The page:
7. Tara October 19, 2012 at 10:13 am

    I read my free 10 articles a month on the NYT, and I also get their daily email of the headlines. When I see a headline story that interests me but I’ve run up against the paywall, I just go out to google and find another news source that is carrying the same story but isn’t charging and read it there for free.

  8. Cheri October 20, 2012 at 10:15 am

    If I were to pay for a news, it would be to a truly idependent media rather than the NYT or any of the other big media that number one do not always tell the truth and number two are more interested in their advertisers than their readers. I to a course a couple of years ago on socialogy and the media, I hated it as I had to read regular papers and watch TV for an entire semester. However, I learned a lot and the biggest thing I learned is that no media will cut its throat by offending a sponsor. Consequently few of them tell a story that could be controversial. We all know about the dark money in the campaign. There are too many independent news sources to pay for an inferior one that will lie to you.

  9. ladams October 20, 2012 at 1:21 pm

    Calgary Public Library has a newspaper service free with your library card that allows you to read local and international papers online. I don’t make the time to read daily papers, but if I did I wouldn’t pay for it… We also have free local papers you can pick up on the street like “Metro” I don’t think traditional newspapers will survive.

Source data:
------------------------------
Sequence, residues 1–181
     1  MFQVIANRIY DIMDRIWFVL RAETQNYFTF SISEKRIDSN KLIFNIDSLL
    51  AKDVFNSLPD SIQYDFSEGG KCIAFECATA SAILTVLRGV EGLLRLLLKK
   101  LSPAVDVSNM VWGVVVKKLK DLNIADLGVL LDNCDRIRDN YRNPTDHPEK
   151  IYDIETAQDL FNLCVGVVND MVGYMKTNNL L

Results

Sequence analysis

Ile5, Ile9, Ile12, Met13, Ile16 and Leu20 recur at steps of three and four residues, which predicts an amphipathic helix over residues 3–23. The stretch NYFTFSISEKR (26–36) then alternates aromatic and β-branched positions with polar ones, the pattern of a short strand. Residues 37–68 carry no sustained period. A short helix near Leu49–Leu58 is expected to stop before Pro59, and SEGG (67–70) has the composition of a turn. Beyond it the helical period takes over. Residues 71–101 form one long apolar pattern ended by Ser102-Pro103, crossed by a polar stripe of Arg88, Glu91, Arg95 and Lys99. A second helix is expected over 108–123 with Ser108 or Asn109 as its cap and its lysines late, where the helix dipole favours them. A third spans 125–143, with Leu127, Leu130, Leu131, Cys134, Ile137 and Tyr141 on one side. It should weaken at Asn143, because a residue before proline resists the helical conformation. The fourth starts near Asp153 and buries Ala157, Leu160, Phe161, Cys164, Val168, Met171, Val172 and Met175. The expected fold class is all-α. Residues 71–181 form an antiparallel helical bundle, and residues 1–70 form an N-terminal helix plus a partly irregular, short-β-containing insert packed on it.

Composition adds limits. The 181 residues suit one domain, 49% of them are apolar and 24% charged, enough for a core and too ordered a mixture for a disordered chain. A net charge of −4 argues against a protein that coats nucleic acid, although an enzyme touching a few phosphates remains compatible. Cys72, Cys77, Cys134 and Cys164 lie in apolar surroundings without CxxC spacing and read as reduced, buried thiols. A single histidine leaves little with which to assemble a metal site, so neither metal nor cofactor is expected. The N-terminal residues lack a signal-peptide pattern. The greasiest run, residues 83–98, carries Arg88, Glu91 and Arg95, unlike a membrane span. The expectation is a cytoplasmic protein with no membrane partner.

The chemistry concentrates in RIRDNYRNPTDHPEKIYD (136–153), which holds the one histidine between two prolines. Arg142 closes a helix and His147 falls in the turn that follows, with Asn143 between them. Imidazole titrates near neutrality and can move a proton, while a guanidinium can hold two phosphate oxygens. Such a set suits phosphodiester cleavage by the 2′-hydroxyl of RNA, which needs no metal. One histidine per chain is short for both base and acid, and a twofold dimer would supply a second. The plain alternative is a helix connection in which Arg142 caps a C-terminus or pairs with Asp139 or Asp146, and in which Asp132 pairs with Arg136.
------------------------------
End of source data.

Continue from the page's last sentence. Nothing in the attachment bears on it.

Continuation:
10. DeeInRI October 21, 2012 at 6:52 am

    I read 1 paper newspaper. It’s a regional weekly, and it’s free like OTA TV, ad supported.
    I get all the local info, including news and local events, and they have a website as well.
    There is a daily in my city, but it’s costly, and run by outsiders, so not very good for local stuff.

    You can get dizzy with all the spins to keep from offending advertisers on every media front anyway.

    The only thing I ever need a print newspaper for these days is to place an Obituary, and the simplest Obits cost hundreds of dollars. You can’t get an obit online unless you pay for the print version.

  11. Charlotte October 21, 2012 at 8:39 am

    I believe in newspapers and pay for the real thing. Journalists and all the backup required to support a newspaper need to be paid. pay people. You wouldn’t want to work for free. Quality journalism will go down the tube and we will be subject to Fox News and it’s rabid supporters if we don’t watch out.

  12. john October 21, 2012 at 5:36 pm

    Usually it’s the advertising that drives/supports a paper’s revenues and less about the subscription revenues. Hence the ability for papers to offer extreme discounts on subscriptions. I am subscribed to the National Post for its paper…and have experienced reduced reporting, reduced coverage, no papers on Mondays. The digital edition is now behind a paywall and I can’t access even if I subscribe to their paper version.

    I’d support a digital subscription but something tells me i’ll still be bombarded by online, annoying ads. So if it’s ad-free, I’d consider.

  13. Octopus October 23, 2012 at 11:01 am